Wednesday, April 11, 2012

Loom Doctor--Sticking Shaft Repair

 I got to play loom doctor today--twice!  The second time was the bigger fix, so it get's to go first.

See that bolt there on the left?  The problem for the day is a rod, hidden underneath it that all the lams that lift the shafts use as a pivot point.

For a while now I have had problems with shaft #7 sticking on my Mighty Wolf.  I've checked the usual things--pushing in on the little pins that connect the wood to the metal--but really the problem seemed to be that the lams were all pushing together at the back of the loom on the right side.  I've messed around with this before and been able to shift all the lams back towards the front of the loom, but it never stayed properly positioned for long.

Today I finally got in the right position to see the hole.  Unfortunately, I took the photos after I fixed the problem (a working loom is more important than blog photos), but I can tell you where it was.  There, one inch under the back of the bolt, right where the rod should rest, was a hole.  I could see it!

A quick peek at the Schacht website let me know that my loom wouldn't fall apart if I undid the lock-nuts on these bolts (there are two of them).  I loosened the nuts, flexed the wood and pushed up on the  lams at that pivot point, and after a moment or two of wiggling, got the pivot rod reseated in the hole.

Boy does my loom weave better now!  Shaft #7 is no longer sticking and all the rest of the shafts seem happier with the right amount of wiggle room!  Hooray!

Here's a bigger picture view of the front of the loom with the bolt on the right side of center.

 Loom doctoring #1--although technically this was a warping issue and not a loom one.--One side of the scarf warp was looser than the other.  I tried a quick fix with a few bamboo skewers and some weights, but it didn't help much.  In fact, I realized as I looked at this, the fat warp threads probably increased the diameter of the wraps of the warp on the back beam making that side fatter than the other.  Translation?  I wound a bump into my warp and a "quick fix" wasn't likely to solve the issue.

The solution?  Re-wind the warp on the back beam.  I wound the warp onto the front beam, untied the fat warp threads from the back beam, then re-wound the warp onto the back beam without those fat threads.  The warp went on smoothly and I hung the fat ends on the raddle and provided a separate weight for them, ala suplementary warp threads.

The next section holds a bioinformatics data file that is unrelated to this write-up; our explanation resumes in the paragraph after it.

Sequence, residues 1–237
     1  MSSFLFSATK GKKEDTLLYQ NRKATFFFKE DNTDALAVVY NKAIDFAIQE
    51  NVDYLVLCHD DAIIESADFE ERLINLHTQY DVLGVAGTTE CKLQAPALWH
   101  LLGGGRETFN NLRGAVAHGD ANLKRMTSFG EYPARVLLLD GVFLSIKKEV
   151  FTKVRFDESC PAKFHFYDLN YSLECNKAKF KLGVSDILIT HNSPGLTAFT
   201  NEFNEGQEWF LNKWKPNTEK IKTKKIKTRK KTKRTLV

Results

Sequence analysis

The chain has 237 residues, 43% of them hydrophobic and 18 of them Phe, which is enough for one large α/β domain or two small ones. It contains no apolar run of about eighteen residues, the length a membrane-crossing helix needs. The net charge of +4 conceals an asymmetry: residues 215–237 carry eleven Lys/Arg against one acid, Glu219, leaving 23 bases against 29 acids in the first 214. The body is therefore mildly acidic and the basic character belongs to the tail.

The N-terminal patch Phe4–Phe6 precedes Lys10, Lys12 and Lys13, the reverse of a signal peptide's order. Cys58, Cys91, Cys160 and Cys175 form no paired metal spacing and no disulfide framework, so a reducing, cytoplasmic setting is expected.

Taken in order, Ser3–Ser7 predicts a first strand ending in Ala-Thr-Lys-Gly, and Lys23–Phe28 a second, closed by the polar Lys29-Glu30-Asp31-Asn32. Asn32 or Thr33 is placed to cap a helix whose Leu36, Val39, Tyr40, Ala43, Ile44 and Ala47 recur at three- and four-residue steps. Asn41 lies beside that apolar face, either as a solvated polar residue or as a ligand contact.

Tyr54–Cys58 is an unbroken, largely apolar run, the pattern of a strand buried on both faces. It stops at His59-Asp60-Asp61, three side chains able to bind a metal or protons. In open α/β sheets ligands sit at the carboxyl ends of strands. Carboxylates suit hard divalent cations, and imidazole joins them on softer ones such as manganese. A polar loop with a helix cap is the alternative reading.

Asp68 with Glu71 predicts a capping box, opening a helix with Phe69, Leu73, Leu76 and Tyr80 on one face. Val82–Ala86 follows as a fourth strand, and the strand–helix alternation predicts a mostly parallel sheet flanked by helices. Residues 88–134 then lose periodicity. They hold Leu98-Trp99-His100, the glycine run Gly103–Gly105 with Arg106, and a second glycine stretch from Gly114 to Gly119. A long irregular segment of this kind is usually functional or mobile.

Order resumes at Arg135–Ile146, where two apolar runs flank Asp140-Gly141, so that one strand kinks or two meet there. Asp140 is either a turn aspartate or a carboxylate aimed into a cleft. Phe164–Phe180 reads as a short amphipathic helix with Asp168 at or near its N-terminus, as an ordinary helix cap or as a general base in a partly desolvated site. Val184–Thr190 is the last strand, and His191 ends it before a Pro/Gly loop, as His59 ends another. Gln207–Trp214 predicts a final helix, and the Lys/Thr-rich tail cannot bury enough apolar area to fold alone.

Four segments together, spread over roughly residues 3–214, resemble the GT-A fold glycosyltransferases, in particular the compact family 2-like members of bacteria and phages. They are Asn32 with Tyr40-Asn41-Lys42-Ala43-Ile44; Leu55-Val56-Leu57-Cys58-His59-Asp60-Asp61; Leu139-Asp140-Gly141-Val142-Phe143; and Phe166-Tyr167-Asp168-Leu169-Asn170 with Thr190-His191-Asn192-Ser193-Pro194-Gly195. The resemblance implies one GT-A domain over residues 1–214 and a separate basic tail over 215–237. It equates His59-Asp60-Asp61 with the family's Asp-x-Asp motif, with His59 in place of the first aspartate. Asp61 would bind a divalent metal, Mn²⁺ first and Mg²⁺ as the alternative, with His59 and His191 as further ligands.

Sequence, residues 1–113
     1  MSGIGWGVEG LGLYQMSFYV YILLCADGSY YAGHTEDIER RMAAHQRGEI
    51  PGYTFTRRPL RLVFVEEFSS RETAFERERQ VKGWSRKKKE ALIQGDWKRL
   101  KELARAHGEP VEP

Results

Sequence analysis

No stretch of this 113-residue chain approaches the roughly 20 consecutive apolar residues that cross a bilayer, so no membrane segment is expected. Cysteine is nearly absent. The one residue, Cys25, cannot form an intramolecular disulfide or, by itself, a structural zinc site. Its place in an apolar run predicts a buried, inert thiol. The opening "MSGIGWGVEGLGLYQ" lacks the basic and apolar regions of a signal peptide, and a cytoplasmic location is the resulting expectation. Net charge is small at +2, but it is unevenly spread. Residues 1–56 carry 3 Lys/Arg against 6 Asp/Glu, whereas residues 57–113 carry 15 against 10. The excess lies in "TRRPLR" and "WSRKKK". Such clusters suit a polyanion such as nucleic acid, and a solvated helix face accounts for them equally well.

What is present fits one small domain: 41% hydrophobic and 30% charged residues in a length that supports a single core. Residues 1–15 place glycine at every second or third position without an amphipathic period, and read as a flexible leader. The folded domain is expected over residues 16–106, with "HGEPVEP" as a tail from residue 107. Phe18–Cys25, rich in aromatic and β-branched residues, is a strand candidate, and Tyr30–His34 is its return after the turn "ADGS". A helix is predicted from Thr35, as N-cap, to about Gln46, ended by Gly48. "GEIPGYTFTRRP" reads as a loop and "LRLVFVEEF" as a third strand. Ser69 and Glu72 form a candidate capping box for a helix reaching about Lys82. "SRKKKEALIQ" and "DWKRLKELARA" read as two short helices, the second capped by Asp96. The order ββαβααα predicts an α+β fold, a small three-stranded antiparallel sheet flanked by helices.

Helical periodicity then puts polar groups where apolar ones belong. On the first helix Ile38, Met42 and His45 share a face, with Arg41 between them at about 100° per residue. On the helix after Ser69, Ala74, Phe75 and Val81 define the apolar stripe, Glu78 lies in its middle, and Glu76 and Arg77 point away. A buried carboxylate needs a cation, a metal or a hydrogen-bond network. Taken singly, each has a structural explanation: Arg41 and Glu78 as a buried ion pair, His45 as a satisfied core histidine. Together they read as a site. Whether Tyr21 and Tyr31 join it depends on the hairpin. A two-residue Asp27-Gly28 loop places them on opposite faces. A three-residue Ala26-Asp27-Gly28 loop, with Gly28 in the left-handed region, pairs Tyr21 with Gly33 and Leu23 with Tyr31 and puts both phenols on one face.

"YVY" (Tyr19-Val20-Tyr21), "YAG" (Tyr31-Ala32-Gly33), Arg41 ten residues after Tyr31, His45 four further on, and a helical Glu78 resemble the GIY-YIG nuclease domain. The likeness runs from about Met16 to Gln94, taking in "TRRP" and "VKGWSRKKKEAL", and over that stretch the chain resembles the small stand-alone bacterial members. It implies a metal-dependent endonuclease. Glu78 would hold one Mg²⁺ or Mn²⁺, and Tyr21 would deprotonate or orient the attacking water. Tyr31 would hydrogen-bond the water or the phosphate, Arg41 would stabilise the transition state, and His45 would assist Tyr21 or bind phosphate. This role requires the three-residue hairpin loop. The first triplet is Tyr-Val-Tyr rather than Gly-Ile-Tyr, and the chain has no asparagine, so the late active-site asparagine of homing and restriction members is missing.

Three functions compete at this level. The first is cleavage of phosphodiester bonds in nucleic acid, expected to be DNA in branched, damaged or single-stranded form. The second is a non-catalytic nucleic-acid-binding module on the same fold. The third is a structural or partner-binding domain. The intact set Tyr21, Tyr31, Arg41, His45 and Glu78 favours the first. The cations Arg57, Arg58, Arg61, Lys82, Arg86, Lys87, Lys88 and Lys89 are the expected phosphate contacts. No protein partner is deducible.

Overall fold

I like weaving--especially when the loom and the warp work! :)

Monday, April 09, 2012

Ply, Spin, and Warp (All in one day!)

 A while ago I spun some naturally colored cotton on my Akha spindle.  Now I'd like to use it for one of the entries in the COE in Handspinning that I am working on.  Unfortunately, my skeins need to be 1 oz and the original sliver I purchased was 1 oz....which means that I probably had less than a full ounce of spun fiber. 

No problem!  I just pulled out another sliver that contained the same color (it happened to be a tri-colored sliver, so I pulled out the desired color) and started to spin.  Today as I got started plying I noticed something--the newly spun "red" is redder than the older spun "red".  Oh dear.  I went ahead and plyed the original red...0.93 oz.  Not enough!

I do have a back-up plan.  "Mocha" has a similar history--some already spun, some sliver picked out of a tri-colored one.  I'll try spinning some of the new mocha and see how it looks compared to the old.

 In other spinning news, I finished carding my yellow cotton into punis.  This is ginned cotton that I dyed.  There was a lot of vegetable matter in this cotton.  To remove it, I passed the ginned cotton through the drum carder which loosened the fibers and got some of the trash out.  Then I tore the batts into manageable strips and manually picked out the rest of the junk.  It was slow and tedious work, but it was easier to do that then to stop my spinning every few moments to pick out the rough and scratchy stuff!  The punis were made on my cotton hand cards.  The cotton was first carded, then rolled onto a dowel to make the punis.
 Here's a bobbin with the first few punis' worth of spinning.  I'm getting ~38 wpi which is considered a "fine" yarn.
And, I got my test warp on the loom and started today.  This is a fine cotton/poly yarn with some sportweight knitting yarn stripes.  The weave structure is from Strickler.  If this test works then I hope to repeat the scarf with a silk/yak yarn I bought a year or two ago.

Thursday, April 05, 2012

Crackle Shawl

After I wove the black on black fabric for Martin's vest, I wove off this piece.  It's a black wool warp with a cream, thick & thin cotton/rayon (?) yarn for the pattern weft and the black warp yarn for the tabby weft.  It's a crackle pattern from Strickler's book (#494).  Sett was 28 epi and the finished piece is ~18" wide.

Things I like about the shawl:  the look.  I love the black/cream color combination.  It has the illusion of old lace.    The fringe.  I'm a sucker for twisted fringe.  I know it takes forever to twist, and yes, I twisted this all by hand, but I love the way it drapes at the ends of the shawl.

Things I don't like so much:  the wool.  Ack!  This is an unlabeled, hand-me-down wool and it isn't very soft.  I didn't get any scratches from my photo shoot, but it would be more comfortable over long sleeves.  And if you are already wearing long sleeves, do you really need a shawl?  The drape.  The drape is better than cardboard, but not as flowing as I prefer.  What's the best way to improve the drape in crackle?  Widen the sett?

And now, I have an empty loom.  I have a few projects percolating and hope to test some soon!